When a stroke occurs, the brain can be severely damaged. There are two kinds of strokes, an ischemic stroke where a blood clot deprives the brain of oxygen and a hemorrhagic stroke where a blood vessel within the brain ruptures and bleeds. In the case of a hemorrhagic stroke, the result can be neuroinflammation or swelling of the brain that is life-threatening. Treating this complication is tricky, but scientists at the Barrow Neurological Institute at St. Joseph's Hospital and Medical Center in Phoenix AZ may have found a new way to reduce this swelling.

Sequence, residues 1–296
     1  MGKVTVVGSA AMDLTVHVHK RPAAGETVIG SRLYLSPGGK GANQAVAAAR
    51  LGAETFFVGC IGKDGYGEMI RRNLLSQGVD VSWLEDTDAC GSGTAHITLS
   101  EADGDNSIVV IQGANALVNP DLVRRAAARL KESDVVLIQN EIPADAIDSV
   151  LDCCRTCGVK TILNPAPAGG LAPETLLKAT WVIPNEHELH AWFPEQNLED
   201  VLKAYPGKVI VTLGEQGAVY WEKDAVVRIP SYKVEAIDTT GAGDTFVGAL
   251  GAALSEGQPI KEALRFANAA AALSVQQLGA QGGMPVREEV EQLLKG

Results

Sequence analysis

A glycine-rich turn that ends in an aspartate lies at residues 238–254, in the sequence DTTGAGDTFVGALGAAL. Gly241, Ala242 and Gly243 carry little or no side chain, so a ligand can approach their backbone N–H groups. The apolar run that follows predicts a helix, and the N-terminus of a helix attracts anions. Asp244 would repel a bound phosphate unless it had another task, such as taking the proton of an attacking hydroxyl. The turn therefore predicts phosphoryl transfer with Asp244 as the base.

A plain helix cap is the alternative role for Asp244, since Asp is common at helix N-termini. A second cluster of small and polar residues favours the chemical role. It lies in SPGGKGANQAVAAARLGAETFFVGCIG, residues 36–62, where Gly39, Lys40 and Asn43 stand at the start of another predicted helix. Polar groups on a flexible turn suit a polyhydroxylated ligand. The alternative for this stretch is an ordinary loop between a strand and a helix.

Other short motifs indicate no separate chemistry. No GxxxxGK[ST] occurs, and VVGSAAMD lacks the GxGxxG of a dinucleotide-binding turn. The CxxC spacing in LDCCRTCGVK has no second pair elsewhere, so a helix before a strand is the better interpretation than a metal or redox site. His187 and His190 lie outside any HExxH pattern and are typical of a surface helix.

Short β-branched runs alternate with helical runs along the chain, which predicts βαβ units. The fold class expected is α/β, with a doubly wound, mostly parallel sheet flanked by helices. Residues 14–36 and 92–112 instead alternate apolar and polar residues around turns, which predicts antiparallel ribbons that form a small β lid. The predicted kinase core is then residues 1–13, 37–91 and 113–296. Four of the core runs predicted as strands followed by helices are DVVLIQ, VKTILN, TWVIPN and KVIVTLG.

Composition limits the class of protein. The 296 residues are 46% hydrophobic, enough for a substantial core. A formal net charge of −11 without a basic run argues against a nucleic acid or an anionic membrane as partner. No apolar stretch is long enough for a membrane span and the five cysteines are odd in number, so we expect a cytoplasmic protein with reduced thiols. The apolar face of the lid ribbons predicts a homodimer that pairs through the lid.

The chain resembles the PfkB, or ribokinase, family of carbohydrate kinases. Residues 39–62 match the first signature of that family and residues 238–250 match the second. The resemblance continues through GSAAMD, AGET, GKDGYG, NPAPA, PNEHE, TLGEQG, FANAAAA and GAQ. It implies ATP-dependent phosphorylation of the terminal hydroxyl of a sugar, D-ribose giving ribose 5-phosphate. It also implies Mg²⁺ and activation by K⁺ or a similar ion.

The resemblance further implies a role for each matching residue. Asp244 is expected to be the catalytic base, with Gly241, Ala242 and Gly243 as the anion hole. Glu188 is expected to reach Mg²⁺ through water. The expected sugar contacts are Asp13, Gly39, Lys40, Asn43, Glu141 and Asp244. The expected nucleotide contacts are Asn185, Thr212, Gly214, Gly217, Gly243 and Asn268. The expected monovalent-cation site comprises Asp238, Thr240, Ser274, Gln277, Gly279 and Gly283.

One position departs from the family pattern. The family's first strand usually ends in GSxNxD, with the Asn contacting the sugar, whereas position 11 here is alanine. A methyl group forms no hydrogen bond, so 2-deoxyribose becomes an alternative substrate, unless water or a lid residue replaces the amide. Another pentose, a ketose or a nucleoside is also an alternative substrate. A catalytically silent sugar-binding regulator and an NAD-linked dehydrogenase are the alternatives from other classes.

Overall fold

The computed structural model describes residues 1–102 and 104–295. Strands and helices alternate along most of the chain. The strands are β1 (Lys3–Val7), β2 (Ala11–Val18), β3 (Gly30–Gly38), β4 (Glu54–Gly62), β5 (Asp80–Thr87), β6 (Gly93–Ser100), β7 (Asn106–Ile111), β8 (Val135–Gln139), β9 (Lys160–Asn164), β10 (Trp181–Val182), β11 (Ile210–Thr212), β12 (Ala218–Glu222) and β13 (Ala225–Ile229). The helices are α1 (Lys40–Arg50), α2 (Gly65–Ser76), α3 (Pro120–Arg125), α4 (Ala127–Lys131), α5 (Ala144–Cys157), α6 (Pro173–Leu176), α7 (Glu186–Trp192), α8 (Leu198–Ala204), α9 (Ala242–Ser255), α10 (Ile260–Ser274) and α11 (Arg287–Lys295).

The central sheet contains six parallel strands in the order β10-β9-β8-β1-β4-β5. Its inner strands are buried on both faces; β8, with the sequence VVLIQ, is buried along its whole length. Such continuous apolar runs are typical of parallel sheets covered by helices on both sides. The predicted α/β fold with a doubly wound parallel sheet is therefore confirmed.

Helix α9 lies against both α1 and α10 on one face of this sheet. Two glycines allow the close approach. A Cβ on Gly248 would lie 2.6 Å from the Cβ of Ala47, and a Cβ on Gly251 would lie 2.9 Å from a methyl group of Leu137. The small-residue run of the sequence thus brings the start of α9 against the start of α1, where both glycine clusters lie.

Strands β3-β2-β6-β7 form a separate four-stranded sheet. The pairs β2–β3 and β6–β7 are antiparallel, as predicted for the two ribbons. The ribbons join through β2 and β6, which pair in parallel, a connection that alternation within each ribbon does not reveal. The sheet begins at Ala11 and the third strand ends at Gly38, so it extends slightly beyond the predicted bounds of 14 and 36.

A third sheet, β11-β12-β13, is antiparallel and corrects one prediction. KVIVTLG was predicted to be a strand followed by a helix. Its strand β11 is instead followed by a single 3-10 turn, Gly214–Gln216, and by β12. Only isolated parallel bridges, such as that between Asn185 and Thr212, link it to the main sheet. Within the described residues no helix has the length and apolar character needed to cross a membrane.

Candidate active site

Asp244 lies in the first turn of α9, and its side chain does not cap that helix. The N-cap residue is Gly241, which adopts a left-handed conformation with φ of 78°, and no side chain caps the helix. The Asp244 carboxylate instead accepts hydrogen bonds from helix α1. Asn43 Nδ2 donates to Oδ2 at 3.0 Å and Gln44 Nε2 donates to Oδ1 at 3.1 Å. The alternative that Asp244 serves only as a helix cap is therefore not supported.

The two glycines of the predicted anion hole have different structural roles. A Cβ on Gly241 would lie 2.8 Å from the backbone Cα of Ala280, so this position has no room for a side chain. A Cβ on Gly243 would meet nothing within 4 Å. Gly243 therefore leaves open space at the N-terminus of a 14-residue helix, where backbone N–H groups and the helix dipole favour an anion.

By targeting a specific protein called TSPO, the team found that brain edema was reduced in mice. The study used mice because their brains react similarly to a human brain. For this study, the researchers induced an intracerebral hemorrhage in the mice and then targeted the TSPO protein. The swelling in the mice that were treated this way was significantly reduced. The team hopes to move forward with more research to see if the same result can be reproduced in humans.